Roger Federer, without a major to his name since February 2010, is doomed to suffer by comparison with only one player: himself.
The Federer who owns 67 career titles, 16 of them in slams, but who, having just turned 30 and surrounded now by arrivistes, may not win another that matters.
Certainly, on his form in Montreal, where he started well against Jo-Wilfried Tsonga but collapsed at the end to leave before the quarter-finals, Federer has not attracted much support for the US Open, which starts at the end of the month.
However, this week in Cincinnati, where he has lost only twice in 24 matches over six years – to Ivo Karlovic and Andy Murray – nostalgia kicked in, and it was a wondrous sight. Maybe the heat and humidity of a Midwest summer are suited to his economic movement; perhaps he feeds off historical success (he is reaching for a record fifth title here to pull clear of Mats Wilander).
Whatever the reasons, for an hour and 32 minutes, Federer played as near to his old level as he has done since the French Open and, in close proximity, one of the young pretenders, Juan Martín del Potro, did not compare so well.
The Argentinian – a decent way into his rehabilitation after being out for a year with a wrist injury that threatened to finish his career – has good memories of his last two matches with Federer: victory in the 2009 US Open and the World Tour Finals at the O2 Arena in London. However, the Swiss took him back further than that, to their first five meetings, when young Del Potro could not take a set off him in his pomp.
And so it was in front of the faithful on a warm Tuesday evening that the world No3 stretched and confused Del Potro with a brutally consistent serve, feathery touch at the net and deep, angled ground-strokes to win 6-3, 7-5. Pinned to the back of the court by the weight of Federer's draining forehand, Del Potro could not find rhythm or balance in the shot, although he played well enough.
"Roger played like No1 in the world tonight," Del Potro said. On Thursday, Federer may not be so extended against James Blake in the third round, the American's stock having slipped somewhat since they contested the final here four years ago.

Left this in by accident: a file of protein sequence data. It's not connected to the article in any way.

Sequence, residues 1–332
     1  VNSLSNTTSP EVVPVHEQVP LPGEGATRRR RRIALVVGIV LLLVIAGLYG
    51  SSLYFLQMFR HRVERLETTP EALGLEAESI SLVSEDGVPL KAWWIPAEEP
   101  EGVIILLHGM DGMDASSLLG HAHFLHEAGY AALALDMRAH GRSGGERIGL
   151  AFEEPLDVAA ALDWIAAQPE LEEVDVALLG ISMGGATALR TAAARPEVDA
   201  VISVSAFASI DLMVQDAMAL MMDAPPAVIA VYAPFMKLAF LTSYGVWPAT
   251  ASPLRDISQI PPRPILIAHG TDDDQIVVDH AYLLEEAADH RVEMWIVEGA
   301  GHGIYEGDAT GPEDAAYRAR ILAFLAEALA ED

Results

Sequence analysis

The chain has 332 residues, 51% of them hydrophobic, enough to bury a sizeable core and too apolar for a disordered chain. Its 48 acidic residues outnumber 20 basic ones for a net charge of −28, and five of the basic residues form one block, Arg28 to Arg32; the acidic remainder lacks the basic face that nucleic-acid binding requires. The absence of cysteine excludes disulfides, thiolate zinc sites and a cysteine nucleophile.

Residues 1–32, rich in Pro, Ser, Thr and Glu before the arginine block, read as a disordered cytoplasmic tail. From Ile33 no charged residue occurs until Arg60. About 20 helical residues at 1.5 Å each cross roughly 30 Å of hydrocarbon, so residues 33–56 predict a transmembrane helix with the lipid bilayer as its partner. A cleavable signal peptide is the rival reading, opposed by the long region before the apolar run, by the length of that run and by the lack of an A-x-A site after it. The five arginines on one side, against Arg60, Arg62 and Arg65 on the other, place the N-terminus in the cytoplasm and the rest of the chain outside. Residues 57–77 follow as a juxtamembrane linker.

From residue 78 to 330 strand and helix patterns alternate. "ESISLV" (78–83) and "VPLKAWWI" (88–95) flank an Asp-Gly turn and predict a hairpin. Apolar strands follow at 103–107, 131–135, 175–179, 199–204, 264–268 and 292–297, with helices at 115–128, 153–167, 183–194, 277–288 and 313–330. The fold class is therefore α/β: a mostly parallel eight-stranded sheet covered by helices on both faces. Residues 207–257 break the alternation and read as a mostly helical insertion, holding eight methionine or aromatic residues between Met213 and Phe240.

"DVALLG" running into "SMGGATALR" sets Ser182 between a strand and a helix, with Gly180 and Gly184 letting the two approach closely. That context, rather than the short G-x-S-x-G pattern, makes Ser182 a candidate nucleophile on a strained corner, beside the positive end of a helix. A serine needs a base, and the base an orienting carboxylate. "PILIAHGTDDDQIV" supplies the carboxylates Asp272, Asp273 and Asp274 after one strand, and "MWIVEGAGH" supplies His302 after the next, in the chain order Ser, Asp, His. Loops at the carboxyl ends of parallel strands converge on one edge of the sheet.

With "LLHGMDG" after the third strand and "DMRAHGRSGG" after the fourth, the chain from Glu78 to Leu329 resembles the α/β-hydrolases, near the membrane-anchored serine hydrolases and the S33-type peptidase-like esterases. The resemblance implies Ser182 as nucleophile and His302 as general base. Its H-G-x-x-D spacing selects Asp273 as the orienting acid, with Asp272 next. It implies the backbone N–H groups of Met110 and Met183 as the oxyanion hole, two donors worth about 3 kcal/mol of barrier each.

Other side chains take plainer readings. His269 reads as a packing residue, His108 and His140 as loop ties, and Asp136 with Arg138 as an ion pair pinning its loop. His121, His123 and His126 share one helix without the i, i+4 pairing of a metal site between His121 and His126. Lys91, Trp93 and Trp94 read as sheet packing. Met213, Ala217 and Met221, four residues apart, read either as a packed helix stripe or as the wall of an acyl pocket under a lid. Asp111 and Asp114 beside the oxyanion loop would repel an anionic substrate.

Blake, once a prospect and now a wildcard, has had a reasonable tournament. He toughed it out over three sets to beat the inconsistent Marcos Baghdatis in the first round then gave up only six games to Italy's Fabio Fognini. If he were to defeat Federer, it would make his year – and fools of every pundit.
Mardy Fish is putting together the sort of run that will excite his supporters at Flushing Meadows. At 29 he is leaving his run to join the elite a bit late, but the world No7, America's highest-ranked player and a finalist at his past three tournaments, is a threat every time he walks on court.
He was way too good for Nikolay Davydenko, beating the one-time third-best player in the world 6-0, 6-2 in just over an hour. Fish is a shadow of the fat boy of a couple of years ago – a lethal one good enough to take a set off Novak Djokovic in the Rogers Cup final last weekend, having similarly inconvenienced Rafael Nadal in the quarter-finals at Wimbledon. He is through to the third round and in the same half of the draw as Nadal – and that is no comfort to the Spaniard, who has only just recovered from a foot injury, and looked devastated when Ivan Dodig blew him away in Montreal.
Fish banged down nine aces in the short time he and Davydenko were on court and won 91% of his 23 first serves. To dominate a once-fine player like this suggests Fish is hitting his best form in perfect synchronisation with the end of the slam season.
Philipp Kohlschreiber, who put Fish's grumpy compatriot, Andy Roddick, out in three sets, made quicker work of the talented Spaniard, Feliciano López, losing just five games to win in a little over an hour.
The golfer Rory McIlroy's courtside support for Caroline Wozniacki did her little good as the rising young American Christina McHale scored the biggest win of her career, 6-4, 7-5. The world No1 hit 37 unforced errors, the last of them a ballooned forehand that nearly hit the stand.
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